← Back to Event List

PhD Defense: Brent McBride


Physics : 401

Date & Time

November 18, 2022, 1:00 pm4:00 pm


ADVISORS: Dr. J. Vanderlei Martins

TITLE: The Hyper-Angular Rainbow Polarimeter: Pre-Launch Calibration, Validation, and Advancements in Cloud Science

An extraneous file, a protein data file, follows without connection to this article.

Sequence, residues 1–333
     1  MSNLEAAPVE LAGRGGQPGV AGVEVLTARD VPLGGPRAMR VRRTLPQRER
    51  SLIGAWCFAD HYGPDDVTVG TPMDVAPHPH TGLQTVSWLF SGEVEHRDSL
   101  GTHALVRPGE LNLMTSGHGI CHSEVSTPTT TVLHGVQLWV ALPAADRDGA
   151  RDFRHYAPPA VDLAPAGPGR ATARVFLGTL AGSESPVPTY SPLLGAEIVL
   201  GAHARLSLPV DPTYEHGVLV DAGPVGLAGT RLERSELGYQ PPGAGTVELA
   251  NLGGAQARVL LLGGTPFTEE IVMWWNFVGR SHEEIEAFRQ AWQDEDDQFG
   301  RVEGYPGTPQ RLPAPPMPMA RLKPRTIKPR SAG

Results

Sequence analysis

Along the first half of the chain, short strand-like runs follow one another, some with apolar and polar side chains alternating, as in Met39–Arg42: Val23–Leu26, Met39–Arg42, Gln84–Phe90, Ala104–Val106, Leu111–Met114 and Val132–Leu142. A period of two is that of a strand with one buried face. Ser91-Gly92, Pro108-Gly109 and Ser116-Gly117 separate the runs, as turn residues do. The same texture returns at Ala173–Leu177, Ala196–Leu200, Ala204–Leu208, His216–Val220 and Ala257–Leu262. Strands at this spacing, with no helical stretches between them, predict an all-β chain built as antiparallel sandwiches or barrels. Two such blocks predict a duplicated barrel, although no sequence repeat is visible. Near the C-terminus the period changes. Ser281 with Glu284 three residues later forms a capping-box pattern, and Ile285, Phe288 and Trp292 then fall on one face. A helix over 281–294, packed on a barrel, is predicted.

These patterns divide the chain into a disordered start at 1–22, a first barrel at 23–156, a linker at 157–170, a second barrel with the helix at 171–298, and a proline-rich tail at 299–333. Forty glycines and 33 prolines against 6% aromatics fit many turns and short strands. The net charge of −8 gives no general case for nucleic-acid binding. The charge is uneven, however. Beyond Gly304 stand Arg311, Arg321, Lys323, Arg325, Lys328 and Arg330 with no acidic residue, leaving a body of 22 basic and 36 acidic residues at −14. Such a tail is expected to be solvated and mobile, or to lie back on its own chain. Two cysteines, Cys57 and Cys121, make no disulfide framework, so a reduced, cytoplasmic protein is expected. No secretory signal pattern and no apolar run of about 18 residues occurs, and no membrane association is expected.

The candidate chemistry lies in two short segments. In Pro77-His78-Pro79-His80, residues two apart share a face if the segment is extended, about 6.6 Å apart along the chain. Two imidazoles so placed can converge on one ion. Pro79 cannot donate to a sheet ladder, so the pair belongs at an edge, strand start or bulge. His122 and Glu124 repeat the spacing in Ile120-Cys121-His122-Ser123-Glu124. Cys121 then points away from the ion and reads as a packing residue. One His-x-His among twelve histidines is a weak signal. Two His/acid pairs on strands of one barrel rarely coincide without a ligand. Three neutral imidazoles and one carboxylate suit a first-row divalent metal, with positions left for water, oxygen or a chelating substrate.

ABSTRACT: Modern satellite instruments with spectral, angular, spatial, and polarization capabilities are strongly considered for long-term characterization and classification of Earth signals from space and aircraft. The Hyper-Angular Rainbow Polarimeter (HARP) is a new development in this direction. The HARP is a wide field-of-view, multi-angle, polarized imager that is capable of 120 distinct views on a single ground target across four spectral channels, three linear polarization states, and at narrow nadir spatial resolution (~400 m from 400 km altitude). All of this capability fits inside a 10x10x30 cm housing and was developed at relatively low cost (<$5M USD). This work focuses on AirHARP, the aircraft demonstration of HARP technology. This work develops an adaptable pre-launch calibration for AirHARP that achieves a 0.5% degree of linear polarization measurement accuracy in the lab. AirHARP measurements are validated in total reflectance and polarization, across its FOV and in three spectral bands, within 1% of co-located NASA ACEPOL field data from the Research Scanning Polarimeter (RSP). Calibrated HARP polarization data allows for advancements in cloud science. Using a broad marine stratocumulus cloud observation from the NASA LMOS campaign in 2017, co-located droplet size distribution (DSD) properties are retrieved over a wide spatial field, at 200 m and 600 m pixel resolutions. This is a first for any Earth observing polarimeter. Cloud “cores” and “periphery” areas are identified by correlating DSD properties at sub-km scales. To address the lack of validation opportunities in LMOS, the AirHARP instrument sampling was simulated over DYCOMS-II large-eddy-simulated (LES) cloud fields. Similar retrieval results are found when comparing LMOS field and LES-simulated retrievals at 200 m and 600 m scales. This work concludes that the HARP concept (1) meets community accuracy requirements for modern climate science, (2) provides an unprecedented look at the microphysics of cloud fields, and (3) is a compelling example of high science quality and potential at a low taxpayer cost.